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What effect has COVID-19 taken on Driving Instructors and Learner drivers?

Written by Rebecca Saunders

The impact that COVID-19 has had on Driving Schools and Learners lessons has been significant. Students and their Instructors have recently been required to postpone their lessons for a number of weeks which in turn has reasonably altered their driving education in order to protect the community. The Roads and Maritime Services have also proactively paused practical driving assessments in NSW until further notice, It is still unclear when the Driver Testing will recommence but certain processes have been put in place for priority testing: please see the attached link for further help with this:

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Do you provide Driving Lessons under NDIS?

Written by Rebecca Saunders

We here at Onroad are the largest NDIS provider in Australia and we believe in not only quality education but also building relationships with our clients and truly understanding each individuals own personal requirements. We have helped hundreds of NDIS clients achieve positive outcomes through our Specialised Driving lessons and look forward to helping many more.

What is NDIS?
NDIS is The National Disability Insurance Scheme which supports a better quality of life for hundreds of thousands of Australians with a significant and permanent disability . NDIS will assist to provide funding to cover the cost of your driving lessons and manage a personalised plan. Please see the following NDIS link for further information

What services do you provide through NDIS?
We offer specialised driver training: Most of our NDIS instructors have experience in working with clients with Asperger's, Autism Spectrum Disorder, Missing Limbs, Hearing Impairments, ADHD, Dyspraxia, Anxiety & Panic Attacks Disorder.
We also provide In car driving lessons., as well as vehicles with modifications such as Spinner knob: With the steering wheel knob fitted correctly and securely, the driver will be able to turn the steering wheel through a full 360 degrees without having to take their hand away. This makes driving, parking and general manoeuvring in your vehicle become effortless, and safer. 
A select few of our vehicles are completely modified and easy to use for clients with paralysis or other limitations.

What steps are taken to earn my licence through NDIS?
NDIS will review the eligible participant by determining their relevant medical condition that impacts their driving ability and they will also need to obtain their Learners licence.
They then need to contact a specialised occupational therapist to conduct a driving assessment and complete a  
comprehensive medical report that will detail physical, visual and cognitive abilities and the OT will assess your practical driving skills, determine vehicle modifications and assess the next plan to progress towards earning a provisional or full licence with us.

Are you allowed to take lessons from a non approved NDIS provider?
We recommend not to do that because non approved providers are not professionally trained for disability driving and your NDIS plan may not cover the cost. The NDIS plan will not be covered by insurance as they are a Non Accredited NDIS Provider. It's highly recommended under the NDIS Scheme that you use all services from NDIS providers and confirm their provider number before taking their service.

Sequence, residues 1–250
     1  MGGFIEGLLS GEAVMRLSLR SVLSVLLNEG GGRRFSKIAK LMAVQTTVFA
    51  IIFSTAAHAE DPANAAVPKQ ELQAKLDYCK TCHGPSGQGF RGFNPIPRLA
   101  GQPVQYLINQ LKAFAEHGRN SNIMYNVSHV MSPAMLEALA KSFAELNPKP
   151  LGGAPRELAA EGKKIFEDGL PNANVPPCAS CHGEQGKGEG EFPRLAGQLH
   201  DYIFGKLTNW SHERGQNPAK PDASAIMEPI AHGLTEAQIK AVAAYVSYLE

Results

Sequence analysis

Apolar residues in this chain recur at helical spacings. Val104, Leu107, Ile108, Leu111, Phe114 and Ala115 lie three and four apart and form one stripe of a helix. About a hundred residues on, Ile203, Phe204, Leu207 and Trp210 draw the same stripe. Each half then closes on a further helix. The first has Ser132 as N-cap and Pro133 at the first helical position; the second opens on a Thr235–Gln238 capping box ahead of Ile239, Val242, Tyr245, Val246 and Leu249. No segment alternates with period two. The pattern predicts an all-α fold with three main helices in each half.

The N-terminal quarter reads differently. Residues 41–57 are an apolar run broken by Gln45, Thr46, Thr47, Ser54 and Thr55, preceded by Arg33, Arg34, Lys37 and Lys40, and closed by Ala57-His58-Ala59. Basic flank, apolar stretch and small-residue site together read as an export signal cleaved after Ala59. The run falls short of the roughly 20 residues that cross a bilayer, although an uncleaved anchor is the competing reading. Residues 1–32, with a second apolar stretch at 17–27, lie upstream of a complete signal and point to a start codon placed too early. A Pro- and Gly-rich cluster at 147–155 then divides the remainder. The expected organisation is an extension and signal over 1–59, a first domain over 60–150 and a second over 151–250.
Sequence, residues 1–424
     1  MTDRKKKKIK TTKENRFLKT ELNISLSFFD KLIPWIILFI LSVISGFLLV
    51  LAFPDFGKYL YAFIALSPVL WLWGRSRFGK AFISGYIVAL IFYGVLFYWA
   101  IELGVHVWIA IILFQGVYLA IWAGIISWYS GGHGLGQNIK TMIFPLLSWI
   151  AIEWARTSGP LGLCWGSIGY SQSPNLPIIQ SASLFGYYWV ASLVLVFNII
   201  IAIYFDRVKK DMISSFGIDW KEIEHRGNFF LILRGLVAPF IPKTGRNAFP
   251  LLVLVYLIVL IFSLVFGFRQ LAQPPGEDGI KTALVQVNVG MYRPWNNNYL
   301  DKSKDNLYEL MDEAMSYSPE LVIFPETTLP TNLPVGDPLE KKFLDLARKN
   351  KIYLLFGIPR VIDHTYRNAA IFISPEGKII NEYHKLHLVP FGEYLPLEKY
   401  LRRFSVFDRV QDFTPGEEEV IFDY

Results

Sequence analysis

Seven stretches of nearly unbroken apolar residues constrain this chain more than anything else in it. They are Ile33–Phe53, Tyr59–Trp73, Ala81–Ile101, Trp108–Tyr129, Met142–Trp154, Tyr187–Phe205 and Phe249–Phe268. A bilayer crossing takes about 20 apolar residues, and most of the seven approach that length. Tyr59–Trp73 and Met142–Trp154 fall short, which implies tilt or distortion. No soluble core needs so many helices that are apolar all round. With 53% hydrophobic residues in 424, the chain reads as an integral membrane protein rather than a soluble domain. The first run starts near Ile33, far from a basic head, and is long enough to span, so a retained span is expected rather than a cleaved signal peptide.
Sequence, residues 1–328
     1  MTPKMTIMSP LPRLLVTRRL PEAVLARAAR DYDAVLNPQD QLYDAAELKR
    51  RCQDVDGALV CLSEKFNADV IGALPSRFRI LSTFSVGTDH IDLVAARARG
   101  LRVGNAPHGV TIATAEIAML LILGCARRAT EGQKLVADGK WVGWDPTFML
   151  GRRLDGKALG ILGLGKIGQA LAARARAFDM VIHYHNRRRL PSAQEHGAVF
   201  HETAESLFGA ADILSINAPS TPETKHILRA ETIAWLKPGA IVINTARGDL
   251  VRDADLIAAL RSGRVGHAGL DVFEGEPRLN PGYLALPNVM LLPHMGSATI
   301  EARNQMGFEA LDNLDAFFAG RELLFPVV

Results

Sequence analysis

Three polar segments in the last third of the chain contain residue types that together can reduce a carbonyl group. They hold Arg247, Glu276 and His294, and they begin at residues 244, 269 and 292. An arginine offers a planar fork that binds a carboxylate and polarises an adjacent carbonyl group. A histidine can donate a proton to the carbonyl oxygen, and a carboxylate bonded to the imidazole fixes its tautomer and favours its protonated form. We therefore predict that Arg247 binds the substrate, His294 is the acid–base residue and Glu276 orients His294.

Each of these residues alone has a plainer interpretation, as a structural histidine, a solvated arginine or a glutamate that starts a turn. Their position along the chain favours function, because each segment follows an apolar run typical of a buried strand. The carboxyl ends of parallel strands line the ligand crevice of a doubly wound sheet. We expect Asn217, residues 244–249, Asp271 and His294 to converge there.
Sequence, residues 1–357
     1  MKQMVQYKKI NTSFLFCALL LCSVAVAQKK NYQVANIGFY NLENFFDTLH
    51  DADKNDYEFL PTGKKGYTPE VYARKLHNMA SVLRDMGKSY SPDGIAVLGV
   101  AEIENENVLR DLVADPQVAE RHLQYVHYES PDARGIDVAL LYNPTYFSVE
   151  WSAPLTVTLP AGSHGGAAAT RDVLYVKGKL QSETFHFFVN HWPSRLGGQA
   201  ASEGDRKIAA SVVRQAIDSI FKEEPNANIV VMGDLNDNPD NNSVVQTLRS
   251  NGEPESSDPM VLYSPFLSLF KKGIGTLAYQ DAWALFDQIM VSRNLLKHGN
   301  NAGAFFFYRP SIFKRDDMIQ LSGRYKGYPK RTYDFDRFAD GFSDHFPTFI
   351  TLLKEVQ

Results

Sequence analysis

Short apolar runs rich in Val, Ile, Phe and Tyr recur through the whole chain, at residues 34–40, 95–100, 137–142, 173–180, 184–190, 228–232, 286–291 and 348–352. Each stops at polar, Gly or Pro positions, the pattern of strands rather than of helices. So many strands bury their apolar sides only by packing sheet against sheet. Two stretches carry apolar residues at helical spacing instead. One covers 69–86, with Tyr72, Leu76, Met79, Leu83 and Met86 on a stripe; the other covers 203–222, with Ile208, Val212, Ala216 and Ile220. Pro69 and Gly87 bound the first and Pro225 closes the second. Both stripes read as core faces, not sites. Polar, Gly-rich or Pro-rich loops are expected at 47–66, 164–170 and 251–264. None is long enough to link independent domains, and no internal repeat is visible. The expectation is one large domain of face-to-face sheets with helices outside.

What is the difference between an NDIS provider and a non accredited provider? 
The Credited provider are again professionally trained,they have extensive experience in disability driving and before you book the service with NDIS please ask for the provider number to ensure you are fully covered under the NDIS plan.

Our instructors here at Onroad Driving School have undergone specific training under Rehab On Road to offer a professional and appropriate service to our clients with additional needs. This provides a great sense of independence and freedom for NDIS clients.

We are Australia’s Leading Experts in Driver Education and we are committed to making your experience as smooth and easy as possible. 

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Written by Matty Weibel

***WE ARE BACK!***

Dear valued customers,

We at Onroad Driving School want to thank you for your ongoing support and patience during this uncertain time and we hope that you are safe and healthy.

It is with pleasure to announce that we are able to resume our services from 1st May 2020 under government guidelines.

Transport for NSW has indicated that services such as driving lessons and assessments, and the Safer Drivers Courses are considered 'essential' services which means every customers may access those lawfully.

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Written by Michelle Lowden

HAPPY EASTER and welcome to our Colouring Competition! Download this page and colour it in and send it back to us. Details are at the bottom! Good Luck! 

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COVID-19 Update

Written by Rebecca Saunders




In the Midst of COVID-19 we here at Onroad would like to reassure and inform our Instructors and Learners not to be concerned. We are taking the necessary measures to properly safe guard everyone involved. Our drivers will be provided with hand sanitiser, gloves and masks in their car, (subject to availability). Cleanliness within the car is a high priority and we will always do our best to ensure our students' safety.)

It is also necessary to maintain hygienic practices by washing hands frequently with soap and water, before and after eating, and after going to the bathroom ,Covering the mouth when coughing and sneezing, disposing of tissues, and using alcohol-based hand sanitiser. 

Recently there has been an announcement by Prime Minister Scott Morrison of new crowd restrictions limiting 4 square metres per person in an enclosed space of roughly 25 people. We at Onroad are considering the latest instructions and can assure that our community’s safety is of high importance.